... this and that side the Rhine, urge us on to war; let the diplomats and Governments of both countries sacrifice the well-being of the two nations to militarism and the war-bogey. The working-men in the two countries stretch out their hands to each other over the frontiers as pioneers of true culture and morality. They are convinced that there is only one enemy which separates them, and that it is their common task to fight against and annihilate ...
— What Germany Thinks - The War as Germans see it • Thomas F. A. Smith

... to stretch out in a blanket with my feet to a little fire," he said, with a flash of the eagerness belonging to the boyhood buried away too soon, as Dad had remarked. "Dad wouldn't let me do it—fussed at me three days because ...
— The Flockmaster of Poison Creek • George W. Ogden

... the youth, "if the abbot is a man of respectability becoming his vocation, and not one of those swaggering churchmen, who stretch out the sword, and bear themselves like rank soldiers in these ...
— Waverley Volume XII • Sir Walter Scott

... annihilation to have been my belief—death forever, loss eternal. But this—if this were truth—(and it smote me as the truth alone can smite), oh, it was maddening. To my knees! To my knees! Oh, that I might live long years to pray for him! Oh, that I might stretch out my hands to God for him, withered with age and shrunk with fasting, and strong but in faith and final perseverance! Oh, it could not be too late! What was prayer made for, but for a time like this? What was this little breath of time, compared ...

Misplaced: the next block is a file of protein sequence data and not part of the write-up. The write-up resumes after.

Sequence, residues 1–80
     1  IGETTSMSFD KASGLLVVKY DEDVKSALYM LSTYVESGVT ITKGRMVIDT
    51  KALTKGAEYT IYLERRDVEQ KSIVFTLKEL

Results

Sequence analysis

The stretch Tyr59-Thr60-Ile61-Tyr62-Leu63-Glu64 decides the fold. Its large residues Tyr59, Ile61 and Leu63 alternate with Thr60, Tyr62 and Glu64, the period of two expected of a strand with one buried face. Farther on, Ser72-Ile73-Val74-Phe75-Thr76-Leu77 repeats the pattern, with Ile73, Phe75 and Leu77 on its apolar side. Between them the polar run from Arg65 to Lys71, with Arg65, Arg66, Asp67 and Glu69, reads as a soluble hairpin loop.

— Richard Vandermarck • Miriam Coles Harris

... enjoyment, such as a squirrel or a chicken may have, but they can in no wise interpret the Mighty Mother, nor even hear her words. The ocean moans his secret to unheeding ears. The agony of the underworld finds no speech in the mountain-peaks, bare and grand. The old oaks stretch out their arms in vain. Grove whispers to grove, and the robin stops to listen, but the child plays on. He bruises the happy butter-cups, he crushes the quivering anemone, and his cruel fingers are stained with the harebell's purple blood. Rippling waterfall and rolling river, the ...